M: I thought they played the video secrets part of this episode really well.  I could see the angle of Victoria never being able to connect with Charlotte and saying that she “almost” wishes at times she didn’t have a second child, and seeing Charlotte easily skip over the almost and the lack of context and feeling like everything she’s ever felt about her mother was confirmed.  Loved that, and Emanda adding herself in the video was very smart.

E: I agree with you and Nolan: Emily being in the video is a great cover.  Super sly.  Now, I’m not in love with Declan by any means, and I’m quite dubious about this accent he’s whipping out, but at least he genuinely likes Charlotte and is nice to her, which she could use just about now.  For once I actually feel sorry for her.

C: Accent? I have no clue what you’re talking about. But my feelings had turned more positive toward the teen romance since he sent her the cute sunset video last week instead of proof that her boyfriend is cheating. Yay for the high road.

M: I thought that the scene with them on the swings was actually a really good scene, and liked them both in it.  They’ve come a long way, since just two weeks ago when we were wishing Jack and Danny were only children.

E: Speaking of Jack, he shows up with flowers, as glum Emanda waits vainly for Daniel.  I like that he’s pursuing her despite the cold shoulder, I think.  But what was she thinking, letting him in?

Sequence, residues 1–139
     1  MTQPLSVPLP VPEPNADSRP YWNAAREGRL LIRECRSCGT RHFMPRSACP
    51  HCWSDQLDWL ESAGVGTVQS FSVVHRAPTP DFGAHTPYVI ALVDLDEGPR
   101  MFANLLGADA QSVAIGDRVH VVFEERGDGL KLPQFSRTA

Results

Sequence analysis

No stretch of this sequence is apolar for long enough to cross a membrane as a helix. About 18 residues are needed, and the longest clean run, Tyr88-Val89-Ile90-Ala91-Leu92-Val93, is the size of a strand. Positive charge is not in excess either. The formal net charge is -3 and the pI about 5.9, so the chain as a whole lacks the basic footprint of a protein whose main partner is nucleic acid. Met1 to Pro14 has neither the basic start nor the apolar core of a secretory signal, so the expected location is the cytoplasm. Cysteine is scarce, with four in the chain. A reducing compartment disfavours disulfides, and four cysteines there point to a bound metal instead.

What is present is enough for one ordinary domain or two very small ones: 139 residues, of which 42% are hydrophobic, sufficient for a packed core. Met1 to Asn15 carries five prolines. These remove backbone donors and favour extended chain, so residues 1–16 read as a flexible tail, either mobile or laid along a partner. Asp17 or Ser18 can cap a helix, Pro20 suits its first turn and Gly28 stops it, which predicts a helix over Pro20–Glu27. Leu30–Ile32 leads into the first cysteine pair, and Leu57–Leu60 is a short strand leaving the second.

M: I think that that’s a rare moment of Amanda seeping through the veneer of Emily, actually.  She knows Jack, he reminds her of the good times of her life, and she still wants to hold onto that, which is why she keeps bringing Sam back to him in person.

E: What’s Nolan up to, trying to push Jack and Emily together?  Is he just a big weird romantic?

M: Haven’t you figured out by now that Nolan is kind of like Loki, a meddler who loves chaos?  He’s not involved in Emanda’s plans, but tries to be.  He wants to see them succeed, as much for seeing the carnage as for punishing people who were bad to the one man who gave him a shot.  As for him pushing Jack at Emily, he knows it will muck with things.  And maybe he’s a little bit romantic at heart, too.

C: Yes. I like the Loki comparison! Because I liked Nolan more than ever in this episode, but he is definitely not a true friend to Jack, pushing him at Emily.

E: Speaking of misguided love, why would Jack assume that Emily was talking to the therapist about him and not Danny?  Not that there’s any way to decode what bits of honesty might be part of those confessions, but you have to imagine it’s all calculated.  (That’s why I’m referring to her as Emily – because all of that was part of her persona.)

C: That was bizarre. “I’ve met someone, I think he might be the one…” These are usually the kinds of things you say about the guy you’re dating, right?